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Theopaschism is the belief that a god can suffer. In Christian theology this involves questions such as "was the crucifixion of Jesus a crucifixion of God?" The question is central to the schism between those churches which accepted the First Council of Ephesus and the Assyrian Church of the East. While not Nestorian,[1] the Assyrian Church of the East, along with their greatest teacher, Babai the Great, deny the possibility of a suffering God.

Some theologians of the Byzantine period also held similar views, although they were never held to be very orthodox. Classical Augustinian theology, on the contrary, maintains that the man Jesus suffered to a much greater extent, in order to avoid charges of modalism and patripassianism.[citation needed]

A number of modern philosophers and theologians have been called theopaschists, such as G. W. F. Hegel, Friedrich Nietzsche and Simone Weil. Kitamori's Theology of the Pain of God (1946)[2] and Moltmann's The Crucified God (1971)[3] are two 1900s books that have taken up the ancient theological idea that at least unus de Trinitate passus est.[4] In the words of Hans Urs von Balthasar: "At this point, where the subject undergoing the 'hour' is the Son speaking with the Father, the controversial 'Theopaschist formula' has its proper place: 'One of the Trinity has suffered.' The formula can already be found in Gregory Nazianzen: 'We needed a ... crucified God'."[5]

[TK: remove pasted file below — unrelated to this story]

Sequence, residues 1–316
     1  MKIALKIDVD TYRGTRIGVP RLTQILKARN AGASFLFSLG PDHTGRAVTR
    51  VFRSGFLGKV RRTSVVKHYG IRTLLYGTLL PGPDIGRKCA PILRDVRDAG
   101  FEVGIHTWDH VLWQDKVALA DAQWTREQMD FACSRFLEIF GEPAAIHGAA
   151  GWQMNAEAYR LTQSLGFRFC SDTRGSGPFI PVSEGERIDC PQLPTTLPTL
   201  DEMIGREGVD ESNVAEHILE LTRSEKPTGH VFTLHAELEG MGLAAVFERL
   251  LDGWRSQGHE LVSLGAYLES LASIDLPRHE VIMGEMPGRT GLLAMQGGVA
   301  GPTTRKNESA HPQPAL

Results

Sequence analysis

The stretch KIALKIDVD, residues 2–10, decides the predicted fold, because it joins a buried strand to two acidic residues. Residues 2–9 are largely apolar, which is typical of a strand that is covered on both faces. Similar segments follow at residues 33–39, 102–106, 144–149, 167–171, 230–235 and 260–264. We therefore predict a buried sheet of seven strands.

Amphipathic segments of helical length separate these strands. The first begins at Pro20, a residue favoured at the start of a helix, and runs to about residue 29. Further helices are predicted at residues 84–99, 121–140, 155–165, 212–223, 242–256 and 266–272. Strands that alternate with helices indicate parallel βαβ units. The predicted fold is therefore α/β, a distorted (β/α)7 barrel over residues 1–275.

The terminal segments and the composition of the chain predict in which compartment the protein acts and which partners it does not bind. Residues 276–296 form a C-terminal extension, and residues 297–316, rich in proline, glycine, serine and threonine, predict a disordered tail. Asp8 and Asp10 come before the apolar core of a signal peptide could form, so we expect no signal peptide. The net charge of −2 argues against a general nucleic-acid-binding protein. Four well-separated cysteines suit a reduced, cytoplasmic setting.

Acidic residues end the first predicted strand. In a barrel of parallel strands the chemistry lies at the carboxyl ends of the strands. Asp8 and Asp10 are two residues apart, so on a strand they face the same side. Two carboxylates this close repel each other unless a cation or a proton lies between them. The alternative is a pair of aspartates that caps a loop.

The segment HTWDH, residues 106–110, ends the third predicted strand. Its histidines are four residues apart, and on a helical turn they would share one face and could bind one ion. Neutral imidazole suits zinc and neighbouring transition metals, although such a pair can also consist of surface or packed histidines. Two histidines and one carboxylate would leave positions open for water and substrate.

Some proponents of liberation theology have extended the theopaschist debate to the hypostasis of the Holy Spirit, questioning whether the Spirit may or may not have felt pain during the incarnation.[citation needed] This debate has had implications in ecclesiology, per Leonardo Boff's Church: Charism and Power.

See also[edit]


  1. ^ Brock, Sebastian P. (2006), Fire from Heaven: Studies in Syriac Theology And Liturgy, Ashgate Publishing, ISBN 9780754659082
  2. ^ Kitamori, Kazoh (2005). Theology of the Pain of God. Translated by Graham Harrison from the Japanese Kami no itami no shingaku, revised edition 1958, first edition 1946. Eugene, Oregon: Wipf and Stock. ISBN 1-59752256-2. ISBN 978-1-597-52256-4.
  3. ^ Moltmann, Jürgen (2015). The Crucified God. Translated by R. A. Wilson and John Bowden from the German Der gekreuzigte Gott, 1971. London: SCM Press. ISBN 0-33405330-7. ISBN 978-0-334-05330-9.
  4. ^ (in Latin) DS 401 (Pope John II, letter Olim quidem addressed to the senators of Constantinople, March 534).
  5. ^ Balthasar, Hans Urs von (1992). Theo-drama. Theological Dramatic Theory. Vol. 3: Dramatis Personae: Persons in Christ. Translated by Graham Harrison from the German Theodramatik: Teil 2. Die Personen des Spiels : Die Personen in Christus, 1973. San Francisco: Ignatius Press. ISBN 1-68149577-5. ISBN 978-1-681-49577-4. Quote.